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Chapter 22 UML Tooks and UML as Blueprint. Model-Driven Architecture (MDA) Object-Constraint Language (OCL). CASE TOOLS. Forward Engineering code from diagrams Reverse Engineering d iagrams from code Round-Trip Engineering e ither way – synchronize between code and diagrams

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chapter 22 uml tooks and uml as blueprint
Chapter 22UML Tooks and UML as Blueprint

Model-Driven Architecture (MDA)Object-Constraint Language (OCL)

case tools
CASE TOOLS
  • Forward Engineering
    • code from diagrams
  • Reverse Engineering
    • diagrams from code
  • Round-Trip Engineering
    • either way – synchronize between code and diagrams

Static Diagrams are easy

Dynamic Modeling is hard

how to implement the process
How to implement the process
  • Try the free tools first
  • Use the free tools to identify what you really need to do, and what is missing.
  • Give it to developers to use in real-life.
  • Make sure it supports your IDE.
  • Is the Reverse Engineering “good enough?”
software as abstraction
Software as Abstraction
  • “The history of software development is a history of raising the level of abstraction.”
    • Mellor, Balcer, Executable UML.
  • Machine code => assembler => languages (C, Pascal) => object structure for data and behavior
  • Each step hides details, and required new tools for support
executable uml
Executable UML
  • Eliminates programming and data design.
  • Execution derives from design diagrams.
types of uml
Types of UML

From Mellor and Balcer, Executable UML

http www executableumlbook com
http://www.executableumlbook.com/
  • Download the Executable UML Models
  • The case study models in Executable UML are currently available for the BridgePoint Development Suite.
  • BridgePoint, available from Project Technology, provides a Model Builder for creating Executable UML models, a Model Verifier for executing these models, and a set of model compilers for generating complete system code from these models.
  • Step 1: Download the models
  • Download Zip File
  • Step 2: Download information on BridgePoint:
  • Using BridgePoint for Executable UML (PDF)Running the Case Study Models in BridgePoint (PDF)Note that this information is also contained within the Zip file above. Step 3: Request an evaluation copy of the BridgePoint Suite
  • Go to Request FormNote that this link takes you out of the Executable UML Book site.
model driven architecture
Model Driven Architecture

Uses Model Compilers

Is built on

  • Platform Independent Model (PIM)
  • Executable UML
  • Still under definition
the mda process 1
The MDA Process (1)
  • Separate the problem into multiple domains
    • “Semantically autonomous”
  • Build a model for the domain
    • Based on use cases
    • Find the classes
    • Understand the life-cycle (state machine)
  • etc.

Does this sound familiar?

the mda process 2
The MDA Process (2)
  • “Compile your Executable UML models into an implementation.”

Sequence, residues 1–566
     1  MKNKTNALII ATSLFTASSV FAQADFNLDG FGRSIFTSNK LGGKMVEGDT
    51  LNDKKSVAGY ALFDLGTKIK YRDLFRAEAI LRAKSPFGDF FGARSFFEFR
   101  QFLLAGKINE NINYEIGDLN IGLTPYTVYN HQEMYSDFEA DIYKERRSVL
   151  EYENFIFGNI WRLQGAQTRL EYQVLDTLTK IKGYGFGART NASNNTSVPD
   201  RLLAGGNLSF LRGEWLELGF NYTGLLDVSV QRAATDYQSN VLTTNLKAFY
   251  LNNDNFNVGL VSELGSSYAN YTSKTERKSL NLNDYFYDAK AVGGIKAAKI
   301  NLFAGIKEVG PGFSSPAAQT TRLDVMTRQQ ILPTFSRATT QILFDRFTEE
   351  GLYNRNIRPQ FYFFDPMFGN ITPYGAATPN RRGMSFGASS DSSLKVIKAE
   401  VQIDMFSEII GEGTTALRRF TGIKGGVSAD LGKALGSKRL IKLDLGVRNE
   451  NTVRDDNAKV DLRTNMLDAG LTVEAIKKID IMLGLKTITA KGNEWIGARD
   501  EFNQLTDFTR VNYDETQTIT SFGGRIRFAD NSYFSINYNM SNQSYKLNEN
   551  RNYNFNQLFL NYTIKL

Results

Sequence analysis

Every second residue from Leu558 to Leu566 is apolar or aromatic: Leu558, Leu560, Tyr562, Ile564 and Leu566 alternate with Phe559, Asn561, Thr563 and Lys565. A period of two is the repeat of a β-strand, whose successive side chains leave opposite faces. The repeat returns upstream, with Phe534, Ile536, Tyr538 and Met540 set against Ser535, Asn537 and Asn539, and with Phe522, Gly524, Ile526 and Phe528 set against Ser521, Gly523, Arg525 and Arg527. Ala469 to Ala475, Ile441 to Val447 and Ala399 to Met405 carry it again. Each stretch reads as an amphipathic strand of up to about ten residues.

• Choose a compiler, based on statistics and the desired end result.
    • Language, performance, repositories
  • Specialized “model compilers” for specific, well-structure domains (like telecom) have been around for more almost 20 years.
object constraint language ocl
Object Constraint Language (OCL)
  • Formal language of logic to describe what a program should do (not how it does it).
  • Considered a subset of UML, to add details.
  • Similar to Operation Contracts, but done with a formal language
  • A type of pseudo-code as in the book.
chapter 23

Chapter 23

Iteration 2

What is different in the second iteration?

We have spent 8 weeks on iteration 1. In our fantasy project, what has been accomplished up to now?

results of iteration 1
Results of iteration 1
  • All software has been tested!
    • Unit
    • Acceptance
    • Load
    • Usability
  • Customer engagement
  • Integrated system
  • We have a partial solution that can be delivered.
start of iteration 2 not covered in text
Start of Iteration 2 - Not covered in text
  • Iteration planning meetings
  • Reverse engineering with UML tools
  • UI work
  • Databases
  • Requirements workshop at start of iteration 2
risk and business value
Risk and Business value
  • Tools to use in planning iterations!
  • Agile must always go back to business values.
  • Risk must be used to identify the most critical areas to implement first.
iteration 2
Iteration 2
  • Fix misses from iteration 1
  • Customer issues
  • Better understanding
  • Add some new requirements for iteration 2
chapter 24

Chapter 24

Quick Analysis Update on

the POS and

the MONOPOLY Game

slide18

NextGen POS

NEW requirements added in Iteration 2

slide19

NextGen POS

NEW INTERFACES added in Iteration 2

Access added to three new systems.

slide20

NextGen POS

NEW Domain Rules added in Iteration 2

New rules come from the Business Domain for implementation.

next gen pos
Next Gen POS
  • Uses cases ok
    • Original “fully dressed” use cases were extensive, covering all scenarios including errors and access.
  • SSD – needs some new external ops!
    • Support external actors!
  • Domain model is ok!
    • All this stuff was included
monopoly additional requirements
Monopolyadditional requirements
  • Add special square rules
  • Player gets $1500
  • Bank is unlimited
  • Passing go gives $200
  • Goto Jail : but get out next turn.
  • Income Tax - pay min($200, 10% of net)
monopoly
Monopoly

Use cases ok

No new SSD ops

Domain model changes!

summary
Summary
  • In both cases - add to functionality
  • Change the required artifacts
    • Go back to Domain Model, SSDs, Use Cases to see if updates are needed.
    • Use a Reverse-Engineering tool to create UML diagrams from code.
    • How does the R-E UML compare to the original?
  • Keep testing!